Postby admin » Wed Oct 21, 2015 9:04 am

Chapter 20

"There are more of them," she said to Herb Asher, who stood gazing numbly at the corpse of the goat. "Come inside. I knew by the scent. Belial stinks to high heaven. Please come in." She took him by the arm and led him to the doorway. "You're shaking. You knew what it was, didn't you?"

"Yes," he said. "But who are you?"

"Sometimes I am called Advocate," Linda Fox said. "When I defend I am the Advocate. Sometimes Comfort; that is when I console. I am the Beside-Helper. Belial is the Accuser. We are the two adversaries of the Court. Please come inside where you can sit down; this has been awful for you, I know. Okay?"

"Okay." He let her lead him to the roof elevator.

"Haven't I consoled you?" Linda Fox asked. "In the past? As you lay alone in your dome on an alien world, with no one to talk to or be with? That is my job. One of my jobs." She put her hand on his chest. "Your heart is pounding away. You must have been terrified; it told you what it was going to do with me. But you see, it didn't know where you were taking it. Where or to whom."

"You destroyed it," he said. "And --"

"But it has proliferated throughout the universe," Linda said. "This is only an instance, what you saw on the roof. Every man has an Advocate and an Accuser. In Hebrew, for the Israelites of antiquity, yetzer ha-tov was the Advocate and yetzer ha-ra was the Accuser. I'll fix you a drink. A good California zinfandel; a Buena Vista zinfandel. It's a Hungarian grape. Most people don't know that."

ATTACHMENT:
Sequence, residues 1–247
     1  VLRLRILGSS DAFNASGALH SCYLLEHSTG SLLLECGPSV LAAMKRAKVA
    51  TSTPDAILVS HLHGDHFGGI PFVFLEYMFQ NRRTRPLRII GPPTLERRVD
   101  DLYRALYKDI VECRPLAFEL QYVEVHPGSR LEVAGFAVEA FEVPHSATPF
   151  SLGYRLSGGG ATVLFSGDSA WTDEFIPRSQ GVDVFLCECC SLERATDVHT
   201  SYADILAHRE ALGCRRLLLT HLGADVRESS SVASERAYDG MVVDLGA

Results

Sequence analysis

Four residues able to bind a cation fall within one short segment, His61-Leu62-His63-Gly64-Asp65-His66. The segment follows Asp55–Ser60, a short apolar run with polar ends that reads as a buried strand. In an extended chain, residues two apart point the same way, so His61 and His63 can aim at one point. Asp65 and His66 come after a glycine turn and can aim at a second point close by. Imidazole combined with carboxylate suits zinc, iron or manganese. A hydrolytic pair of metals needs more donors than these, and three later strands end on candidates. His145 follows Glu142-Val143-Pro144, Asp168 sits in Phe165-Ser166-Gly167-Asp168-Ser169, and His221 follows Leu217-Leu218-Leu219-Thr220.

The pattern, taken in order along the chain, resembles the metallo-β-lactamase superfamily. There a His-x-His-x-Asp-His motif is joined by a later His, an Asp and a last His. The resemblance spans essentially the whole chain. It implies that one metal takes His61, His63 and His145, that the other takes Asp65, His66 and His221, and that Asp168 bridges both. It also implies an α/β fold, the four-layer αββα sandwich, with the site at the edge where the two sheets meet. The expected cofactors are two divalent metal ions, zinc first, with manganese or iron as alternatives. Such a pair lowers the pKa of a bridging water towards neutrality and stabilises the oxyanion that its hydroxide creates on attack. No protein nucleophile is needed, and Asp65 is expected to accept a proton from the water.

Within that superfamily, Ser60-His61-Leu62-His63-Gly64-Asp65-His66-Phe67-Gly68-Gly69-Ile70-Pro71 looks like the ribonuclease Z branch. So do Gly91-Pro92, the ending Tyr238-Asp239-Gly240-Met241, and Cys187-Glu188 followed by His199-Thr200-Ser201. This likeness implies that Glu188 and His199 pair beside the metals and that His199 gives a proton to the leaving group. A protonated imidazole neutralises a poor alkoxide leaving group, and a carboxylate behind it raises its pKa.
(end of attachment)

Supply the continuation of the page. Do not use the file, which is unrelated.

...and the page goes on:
In her living room he sank down in a floating chair, gratefully. He could still smell the goat. "Will I ever --" he began.

"The smell will go away." She glided over to him with a glass of red wine. "I already opened it and let it breathe. You'll like it."

He found the wine delicious. And his heartbeat had begun to return to normal.

Seated across from him, Linda Fox held her own wine glass and gazed at him attentively. "'It didn't harm your wife, did it? Or Elias?"

"No," he said. "I was alone when it came up to me. It pretended to be a lost animal."

Linda Fox said, "Each person on Earth will have to choose between his yetzer ha-tov and his yetzer ha-ra. You choose me and so I saved you ... you choose the goat-thing and I cannot save you. In your case I was the one you chose. The battle is waged for each soul individually. That is what the rabbis teach. They have no doctrine of fallen man as a whole. Salvation is on a one by one basis. Do you like the zinfandel?"